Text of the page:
Normally, you probably wouldn’t consider drinking your own shower water after you had used it, but throw a couple of plants in there and you may well reconsider. Or, perhaps you’ll react like the Drudge-ushered Daily Mail commenters and say stuff like “WHAT IS THIS GARBAGE, I EARN THE RIGHT TO WASTE WATER AND I’LL BE DAMNED IF SOME EGGHEAD SCIENTIST SAYS OTHERWISE.”
The idea really isn’t all that novel. Strange in a domestic setting, perhaps, but nothing you wouldn’t find in nature. As the shower water collects on the bottom of the tub, it’s run through a series of filters and chemical-soaking plants. After getting a nice cleaning from the plants, the water goes underneath the tub and into further network of filters. When it’s all said and done, the water leaves the system perfectly drinkable.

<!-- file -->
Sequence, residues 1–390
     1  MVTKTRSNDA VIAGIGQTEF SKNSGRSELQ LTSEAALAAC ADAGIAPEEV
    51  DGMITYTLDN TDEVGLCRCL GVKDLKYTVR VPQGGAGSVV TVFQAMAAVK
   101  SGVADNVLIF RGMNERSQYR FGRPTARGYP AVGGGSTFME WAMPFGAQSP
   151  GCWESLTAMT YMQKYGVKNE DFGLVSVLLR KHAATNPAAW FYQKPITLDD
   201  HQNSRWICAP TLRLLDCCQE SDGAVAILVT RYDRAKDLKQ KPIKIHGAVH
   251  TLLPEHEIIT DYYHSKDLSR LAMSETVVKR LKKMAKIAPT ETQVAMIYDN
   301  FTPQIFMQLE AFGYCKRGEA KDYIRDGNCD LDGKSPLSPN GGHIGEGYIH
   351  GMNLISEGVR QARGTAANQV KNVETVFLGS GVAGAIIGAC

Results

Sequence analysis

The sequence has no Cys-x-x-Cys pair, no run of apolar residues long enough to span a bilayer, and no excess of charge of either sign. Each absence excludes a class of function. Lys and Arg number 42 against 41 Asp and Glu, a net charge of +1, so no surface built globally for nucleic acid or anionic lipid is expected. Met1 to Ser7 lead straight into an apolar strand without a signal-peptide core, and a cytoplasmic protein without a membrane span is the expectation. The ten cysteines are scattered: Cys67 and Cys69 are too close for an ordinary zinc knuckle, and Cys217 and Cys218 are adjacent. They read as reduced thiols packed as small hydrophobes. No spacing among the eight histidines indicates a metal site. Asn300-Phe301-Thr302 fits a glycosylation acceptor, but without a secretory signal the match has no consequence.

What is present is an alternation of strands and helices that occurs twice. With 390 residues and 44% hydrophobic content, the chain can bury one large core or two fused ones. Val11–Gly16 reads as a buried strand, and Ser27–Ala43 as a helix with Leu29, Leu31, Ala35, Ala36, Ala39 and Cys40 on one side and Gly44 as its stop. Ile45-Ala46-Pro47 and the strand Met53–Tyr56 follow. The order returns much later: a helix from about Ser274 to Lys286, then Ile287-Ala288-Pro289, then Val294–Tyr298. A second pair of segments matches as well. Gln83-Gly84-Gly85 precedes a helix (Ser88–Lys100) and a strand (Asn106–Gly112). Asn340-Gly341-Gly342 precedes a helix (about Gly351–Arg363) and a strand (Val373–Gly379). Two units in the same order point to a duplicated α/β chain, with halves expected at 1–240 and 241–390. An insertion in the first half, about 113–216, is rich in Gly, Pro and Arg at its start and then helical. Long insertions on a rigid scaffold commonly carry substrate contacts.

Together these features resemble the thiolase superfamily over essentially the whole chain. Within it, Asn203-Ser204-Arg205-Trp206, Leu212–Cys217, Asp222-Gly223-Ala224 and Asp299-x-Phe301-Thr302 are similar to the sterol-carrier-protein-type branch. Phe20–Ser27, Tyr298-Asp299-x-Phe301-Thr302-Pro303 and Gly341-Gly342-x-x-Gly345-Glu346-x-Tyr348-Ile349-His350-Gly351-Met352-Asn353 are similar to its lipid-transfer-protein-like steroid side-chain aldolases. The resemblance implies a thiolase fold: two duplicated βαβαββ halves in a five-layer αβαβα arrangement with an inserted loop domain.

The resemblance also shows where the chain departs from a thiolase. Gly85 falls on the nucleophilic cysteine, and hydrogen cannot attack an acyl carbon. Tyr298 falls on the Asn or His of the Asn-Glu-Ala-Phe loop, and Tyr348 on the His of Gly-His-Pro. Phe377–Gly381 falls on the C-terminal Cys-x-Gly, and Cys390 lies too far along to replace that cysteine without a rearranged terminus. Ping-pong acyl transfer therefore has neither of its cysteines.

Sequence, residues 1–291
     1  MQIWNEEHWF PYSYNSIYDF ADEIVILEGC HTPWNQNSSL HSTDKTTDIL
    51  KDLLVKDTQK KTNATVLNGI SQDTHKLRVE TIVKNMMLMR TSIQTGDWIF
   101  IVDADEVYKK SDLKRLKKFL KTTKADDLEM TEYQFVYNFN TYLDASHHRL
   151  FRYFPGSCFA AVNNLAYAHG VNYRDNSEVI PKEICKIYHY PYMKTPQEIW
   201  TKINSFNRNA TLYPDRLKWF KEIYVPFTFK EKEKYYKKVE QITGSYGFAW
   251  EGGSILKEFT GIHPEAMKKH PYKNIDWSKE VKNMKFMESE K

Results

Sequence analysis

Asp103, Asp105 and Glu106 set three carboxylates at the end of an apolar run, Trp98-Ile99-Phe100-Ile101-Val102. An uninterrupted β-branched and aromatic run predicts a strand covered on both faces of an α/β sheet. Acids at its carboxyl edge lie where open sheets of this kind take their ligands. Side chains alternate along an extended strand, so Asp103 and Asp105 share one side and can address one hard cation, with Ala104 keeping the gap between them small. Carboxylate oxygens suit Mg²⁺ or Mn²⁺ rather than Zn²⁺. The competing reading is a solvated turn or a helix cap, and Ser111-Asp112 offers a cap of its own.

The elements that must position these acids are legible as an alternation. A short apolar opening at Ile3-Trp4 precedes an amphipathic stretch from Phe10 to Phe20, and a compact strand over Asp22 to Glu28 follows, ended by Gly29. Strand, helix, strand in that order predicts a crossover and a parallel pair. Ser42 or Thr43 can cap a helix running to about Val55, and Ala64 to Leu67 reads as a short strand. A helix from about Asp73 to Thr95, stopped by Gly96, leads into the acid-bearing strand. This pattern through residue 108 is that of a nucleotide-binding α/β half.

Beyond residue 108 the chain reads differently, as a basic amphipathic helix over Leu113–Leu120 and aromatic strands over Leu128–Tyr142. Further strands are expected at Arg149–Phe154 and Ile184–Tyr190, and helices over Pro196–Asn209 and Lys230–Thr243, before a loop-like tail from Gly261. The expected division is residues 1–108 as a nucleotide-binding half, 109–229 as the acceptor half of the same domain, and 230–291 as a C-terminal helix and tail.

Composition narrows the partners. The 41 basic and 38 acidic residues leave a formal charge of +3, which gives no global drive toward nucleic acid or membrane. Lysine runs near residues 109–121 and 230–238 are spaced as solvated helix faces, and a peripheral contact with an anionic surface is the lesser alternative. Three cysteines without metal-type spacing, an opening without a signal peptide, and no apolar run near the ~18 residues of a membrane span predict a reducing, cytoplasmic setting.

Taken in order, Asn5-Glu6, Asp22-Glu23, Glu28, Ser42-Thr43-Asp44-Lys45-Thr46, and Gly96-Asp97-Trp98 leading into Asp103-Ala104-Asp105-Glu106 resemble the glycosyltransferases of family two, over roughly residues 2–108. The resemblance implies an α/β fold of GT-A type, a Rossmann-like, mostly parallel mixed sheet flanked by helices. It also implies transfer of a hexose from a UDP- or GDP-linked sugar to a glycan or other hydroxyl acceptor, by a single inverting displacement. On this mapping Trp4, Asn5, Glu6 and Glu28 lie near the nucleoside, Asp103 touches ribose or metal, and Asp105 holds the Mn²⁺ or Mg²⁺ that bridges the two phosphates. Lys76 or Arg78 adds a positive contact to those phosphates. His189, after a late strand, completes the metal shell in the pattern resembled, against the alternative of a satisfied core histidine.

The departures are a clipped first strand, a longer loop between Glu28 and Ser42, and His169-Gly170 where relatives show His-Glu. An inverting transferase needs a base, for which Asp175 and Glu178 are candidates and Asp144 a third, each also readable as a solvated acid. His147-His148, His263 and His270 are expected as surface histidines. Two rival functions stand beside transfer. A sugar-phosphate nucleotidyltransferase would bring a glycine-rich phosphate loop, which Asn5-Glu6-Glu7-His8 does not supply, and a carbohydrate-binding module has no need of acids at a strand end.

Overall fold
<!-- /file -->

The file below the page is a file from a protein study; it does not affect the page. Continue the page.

The invention hasn’t been prototyped yet, and exists only as these fancy drawings. So far, at least.
And readers of a certain age may recall the wetlands episode of Bill Nye the Science Guy, where he describes how wetlands are nature’s coffee filters. Keep in mind the show is designed for elementary school kids, so the terminology is somewhat simplified.
Thanks to YouTube, I’ve embedded that very episode here for your viewing pleasure. It’s broken into three parts, but this is only part one; interested parties can find the remaining parts on YouTube proper.